Applying For Commercial Operation

My son and I decided that we should know about the process for getting our drone approved for commercial use. We wanted to experience what our customers go through. We started the process of filing for the exemption and discovered what a nightmare it was. The FAA required we submit an explanation of what we will do with the drone, how we will do it and what FAR’s we wanted to be exempted from. If you weren’t a pilot, you would sure know a lot of the regulations by the time you were done creating your request. No, it is not a pilot course and it won’t make you an expert, but sure it can’t hurt. Not only did we learn a few new things, but we also became an FAA-qualified commercial drone operator!

These commercial requirements are destined to change, but probably not for another year or so. I think, before they change the rules, the flying public has the opportunity to recognize the drone community and offer some guidance and help. In my mind, it would be better for me (a pilot) to help a drone operator that is not a pilot.

Thinking out loud here, many of the people that file for this 333 Exemption are not pilots. But, to operate officially, they need a pilot to fly the drone…hmmm…I’m thinking part-time job. If you know of a drone operator, maybe you can offer your pilot services and help keep the operator within the boundaries of the FAA requirement.

Another important rule states that a drone shouldn’t fly higher than 400 feet; it has happened and it will happen. It also says that drones shouldn’t fly within five miles of an airport without telling the airport, and that happens. So, be aware and be vigilant. As a pilot, it is in your and other pilots’ best interest to help educate drone operators. If you have hobbyists that are flying in the area, take a minute and stop and see what they are doing. It is not a time to lecture them about the “evils of drones”, it is an opportunity to talk to them about their interest and maybe share information from a pilot’s perspective.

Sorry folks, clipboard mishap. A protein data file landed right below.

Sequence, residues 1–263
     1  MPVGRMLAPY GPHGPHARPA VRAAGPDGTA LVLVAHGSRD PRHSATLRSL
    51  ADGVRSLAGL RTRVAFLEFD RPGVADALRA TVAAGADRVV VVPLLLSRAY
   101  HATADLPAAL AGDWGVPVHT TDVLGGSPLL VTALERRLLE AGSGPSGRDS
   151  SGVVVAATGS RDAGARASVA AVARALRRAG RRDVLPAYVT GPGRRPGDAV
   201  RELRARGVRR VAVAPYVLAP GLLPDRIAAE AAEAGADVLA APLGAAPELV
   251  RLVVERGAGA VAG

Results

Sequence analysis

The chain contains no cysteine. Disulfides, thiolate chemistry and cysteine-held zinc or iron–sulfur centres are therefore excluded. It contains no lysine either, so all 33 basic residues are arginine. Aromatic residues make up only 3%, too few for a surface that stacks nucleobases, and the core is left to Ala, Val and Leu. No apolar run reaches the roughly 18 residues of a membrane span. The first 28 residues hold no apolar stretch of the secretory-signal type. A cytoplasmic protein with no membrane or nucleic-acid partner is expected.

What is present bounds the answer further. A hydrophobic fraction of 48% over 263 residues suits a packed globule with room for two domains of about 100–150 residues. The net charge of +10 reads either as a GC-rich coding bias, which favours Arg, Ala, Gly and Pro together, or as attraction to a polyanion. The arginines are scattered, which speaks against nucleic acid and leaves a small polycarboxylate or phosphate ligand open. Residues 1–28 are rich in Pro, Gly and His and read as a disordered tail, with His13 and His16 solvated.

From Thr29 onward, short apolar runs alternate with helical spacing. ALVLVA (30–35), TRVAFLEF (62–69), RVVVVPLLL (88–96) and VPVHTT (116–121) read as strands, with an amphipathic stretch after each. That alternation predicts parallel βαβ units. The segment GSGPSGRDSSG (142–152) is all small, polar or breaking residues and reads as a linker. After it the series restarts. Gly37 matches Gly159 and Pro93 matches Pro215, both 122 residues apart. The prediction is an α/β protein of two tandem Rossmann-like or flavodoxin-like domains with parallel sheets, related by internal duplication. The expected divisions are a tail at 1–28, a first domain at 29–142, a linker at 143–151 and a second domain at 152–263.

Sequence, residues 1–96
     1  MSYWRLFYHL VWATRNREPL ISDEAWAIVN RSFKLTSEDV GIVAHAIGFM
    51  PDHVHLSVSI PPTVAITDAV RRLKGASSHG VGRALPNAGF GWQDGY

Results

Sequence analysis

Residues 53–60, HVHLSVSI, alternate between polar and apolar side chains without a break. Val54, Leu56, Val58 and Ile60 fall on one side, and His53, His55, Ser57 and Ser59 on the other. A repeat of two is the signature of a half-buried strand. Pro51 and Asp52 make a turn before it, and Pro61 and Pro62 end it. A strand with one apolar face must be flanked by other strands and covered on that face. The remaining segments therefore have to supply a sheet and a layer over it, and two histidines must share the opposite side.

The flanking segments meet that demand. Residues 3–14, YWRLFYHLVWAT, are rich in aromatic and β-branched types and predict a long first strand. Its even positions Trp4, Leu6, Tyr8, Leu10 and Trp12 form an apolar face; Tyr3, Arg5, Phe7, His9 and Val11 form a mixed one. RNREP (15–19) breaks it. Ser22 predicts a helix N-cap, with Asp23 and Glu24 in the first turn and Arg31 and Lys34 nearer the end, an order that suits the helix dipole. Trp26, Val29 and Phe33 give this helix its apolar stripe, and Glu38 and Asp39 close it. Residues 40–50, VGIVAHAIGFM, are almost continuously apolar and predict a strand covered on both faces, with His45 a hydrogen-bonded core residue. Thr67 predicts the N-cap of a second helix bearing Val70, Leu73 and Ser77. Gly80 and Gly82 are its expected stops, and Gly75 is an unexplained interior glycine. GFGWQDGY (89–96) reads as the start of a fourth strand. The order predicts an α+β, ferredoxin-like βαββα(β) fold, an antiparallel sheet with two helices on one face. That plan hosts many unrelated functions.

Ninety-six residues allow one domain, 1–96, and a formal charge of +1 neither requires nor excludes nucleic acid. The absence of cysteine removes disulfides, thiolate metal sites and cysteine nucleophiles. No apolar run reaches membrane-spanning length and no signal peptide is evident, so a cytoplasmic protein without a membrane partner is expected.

Word of warning: I stopped to watch a First Person View (FPV) drone race, and couldn’t believe how much fun it was. I was able to get a demo view of the race from “inside the drone”; it was like I was in the drone. The warning is, it’s a blast and it can have an effect on your pocketbook (I recently ordered a race drone).

In the end, aviation is a small community and yet drones are part of it. And, yes, drones do present a risk to pilots. But instead of complaining about the drones, get involved and help educate the drone operators, and maybe even help transition them to the next level – full-scale aircraft.

Okay, back to the reason I bring this up; there are and have been drone operators and model aircraft pilots flying as hobbyists all around the country for years. The model rules already tell them to stay below 400 feet, day-VFR.

And there are commercial drone operators that have went through the process of getting the 333 Exemption and flying legally with a licensed pilot. And they hopefully will know and follow airspace rules.

And then there are those people that are flying wherever they want, whenever they want and at whatever altitude they want.

But, there’s more: Now there are power companies using drones to check their power lines. Oil and gas companies are using drones to make inspections on wells and pipe lines. Wind generator companies are using drones to inspect windmills. And the list goes on, including law enforcement, search and rescue, research, surveyors and even claims adjustors.

What I am trying to get at is (and here is where the numbers come in), with the huge growth in drone usage, it won’t just be the modeler at the local model-aircraft field. It will be worldwide usage that can impact almost everyone wherever they fly. Remember, one company sells 15,000 a day!